Well, that was a surprise. After a little digging, I found out the Vatican had been vetting remarks after St. John Paul’s first U.S. visit in 1979, when Mercy Sister Theresa Kane, then president of the Leadership Conference of Women Religious, surprised the pontiff with her address during a ceremony in Washington at the National Shrine of the Immaculate Conception — not yet a minor basilica.

At the shrine, she made headlines when issued a plea for the pope to provide “the possibility of women as persons being included in all ministries of the church.” That meant ordination of women. St. John Paul rejected the notion before the ceremony was over. In 1994 his apostolic letter “Ordinatio Sacerdotalis” the pope reaffirmed church teaching that the church “has no authority whatsoever to confer priestly ordination on women.”

It was that experience that led to the practice of structured dialogues. “No more surprises” seemed to become the order of the day.

Word to Life — Sunday Scripture readings Sept. 20, 2015

“The Lord upholds my life.” — Psalm 54:6b

Sept. 20, Twenty-fifth Sunday in Ordinary Time

      Cycle B. Readings:

      1) Wisdom 2:12, 17-20

      Psalm 54:3-6, 8

      2) James 3:16-4:3

      Gospel: Mark 9:30-37

By Jeff Hedglen
Catholic News Service

I run a summer service camp for the Diocese of Fort Worth, Texas, called Camp Fort Worth (CFW). It is a simple concept: Young people serve the poor, participate in the sacraments, small group sharing and praise and worship, and by the end of the week, lives are changed forever.

One of the outcomes of this change is that many of these young people want to come back the next year. We call them the A-team (Alumni team). Their role is like that of camp counselors.

A-team members are awesome, faith-filled young people. But sometimes they get a bit full of themselves, not unlike the apostles in this week’s Gospel who wanted to know who among them is the greatest.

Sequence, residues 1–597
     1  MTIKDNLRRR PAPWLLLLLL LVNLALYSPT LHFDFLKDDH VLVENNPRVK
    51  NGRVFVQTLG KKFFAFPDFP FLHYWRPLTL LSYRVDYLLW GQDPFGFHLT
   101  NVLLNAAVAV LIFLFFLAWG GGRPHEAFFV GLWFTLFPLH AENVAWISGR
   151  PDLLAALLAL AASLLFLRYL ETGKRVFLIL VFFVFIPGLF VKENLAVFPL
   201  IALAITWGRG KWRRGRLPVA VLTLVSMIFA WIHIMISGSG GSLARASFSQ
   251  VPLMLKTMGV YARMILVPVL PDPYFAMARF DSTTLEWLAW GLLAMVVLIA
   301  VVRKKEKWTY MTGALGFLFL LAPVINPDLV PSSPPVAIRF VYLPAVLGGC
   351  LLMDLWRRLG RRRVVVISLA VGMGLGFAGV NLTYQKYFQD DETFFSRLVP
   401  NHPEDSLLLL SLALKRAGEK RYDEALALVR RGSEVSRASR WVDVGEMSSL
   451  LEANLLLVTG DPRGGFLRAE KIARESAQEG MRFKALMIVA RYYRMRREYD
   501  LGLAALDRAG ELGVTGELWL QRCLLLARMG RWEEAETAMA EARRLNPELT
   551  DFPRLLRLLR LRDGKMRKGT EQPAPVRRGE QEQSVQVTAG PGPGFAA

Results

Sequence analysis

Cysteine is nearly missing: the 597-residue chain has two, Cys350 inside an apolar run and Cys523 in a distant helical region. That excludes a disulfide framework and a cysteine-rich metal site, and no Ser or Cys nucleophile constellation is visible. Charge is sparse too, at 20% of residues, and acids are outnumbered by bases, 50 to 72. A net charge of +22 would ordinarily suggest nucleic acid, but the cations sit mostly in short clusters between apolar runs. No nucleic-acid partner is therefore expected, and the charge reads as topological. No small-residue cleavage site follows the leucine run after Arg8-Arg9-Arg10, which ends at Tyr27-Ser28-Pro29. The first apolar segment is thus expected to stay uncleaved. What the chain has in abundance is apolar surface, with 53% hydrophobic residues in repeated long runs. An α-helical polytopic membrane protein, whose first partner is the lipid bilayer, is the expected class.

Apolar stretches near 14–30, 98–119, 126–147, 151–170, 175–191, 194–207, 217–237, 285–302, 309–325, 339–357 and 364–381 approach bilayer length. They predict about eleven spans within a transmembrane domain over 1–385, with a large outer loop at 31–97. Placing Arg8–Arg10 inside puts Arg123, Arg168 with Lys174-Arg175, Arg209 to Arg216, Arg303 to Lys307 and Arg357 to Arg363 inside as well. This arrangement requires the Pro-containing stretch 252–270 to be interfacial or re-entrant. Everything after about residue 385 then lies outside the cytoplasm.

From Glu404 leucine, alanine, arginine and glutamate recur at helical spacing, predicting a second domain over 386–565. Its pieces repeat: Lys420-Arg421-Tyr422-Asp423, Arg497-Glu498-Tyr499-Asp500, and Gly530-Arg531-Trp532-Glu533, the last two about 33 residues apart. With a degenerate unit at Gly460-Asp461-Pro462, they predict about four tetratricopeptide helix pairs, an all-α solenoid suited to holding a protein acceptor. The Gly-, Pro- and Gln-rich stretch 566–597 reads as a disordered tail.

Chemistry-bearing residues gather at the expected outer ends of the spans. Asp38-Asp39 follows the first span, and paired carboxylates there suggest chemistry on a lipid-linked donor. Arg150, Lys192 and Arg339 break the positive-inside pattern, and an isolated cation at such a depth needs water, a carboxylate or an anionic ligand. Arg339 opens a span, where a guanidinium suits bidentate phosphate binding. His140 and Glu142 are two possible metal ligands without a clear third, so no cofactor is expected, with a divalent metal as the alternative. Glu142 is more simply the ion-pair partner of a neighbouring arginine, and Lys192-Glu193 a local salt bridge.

From time to time, we all can fall into this trap. A little bit of power or a little insecurity and the next thing we know, we are “holier than thou” and feel like it is us against the world.

To combat this at CFW, we use this quote from Pope Francis: “Authentic power is service.” We also continuously remind the A-team to focus on the campers. Our mantra is “camp is for campers,” so they remember this camp is not about their own experience. We also have the A-team bus tables at each meal so that service is always at the forefront of their camp experience.

Employing a similar practice could be helpful for each of us. When we feel the temptation to place ourselves above others, we could seek opportunities to serve. This could be as simple as saying to a co-worker, “I’m getting a cup of coffee, can I get you one?” or maybe as involved as organizing a trip to serve some segment of your community.

It seems we often desire to place ourselves above others out of a perceived shortcoming within us, but the words of the psalmist this week offer us comfort: “The Lord upholds my life. Behold, God is my helper; the Lord sustains my life.”

Remembering this truth will make it easier to follow the call of Jesus to be the servant of all. For no matter how great we think we are, we will never be as great as Jesus, who served us all the way to the cross.


What are things you do in service of others? How can you have more of a servant’s heart and put it into action?

One-a-day assignments and security hurdles to overcome

One in a series.

Catholic News Service Rome bureau staffers always get to cover papal trips, yet, as Pope Francis’ visit approached, we in Washington began thinking about our favorite moments of when we got to cover popes. No one in our newsroom is a papal rookie, so we agreed to share some of our stories. 

Journalists got the word over the summer: Because of security concerns, journalists covering Pope Francis’ visit — even if they lived in one of the cities he was visiting — had to stay at the hotel designated in each city as the media center. 

Moreover, a journalist could cover only one event a day.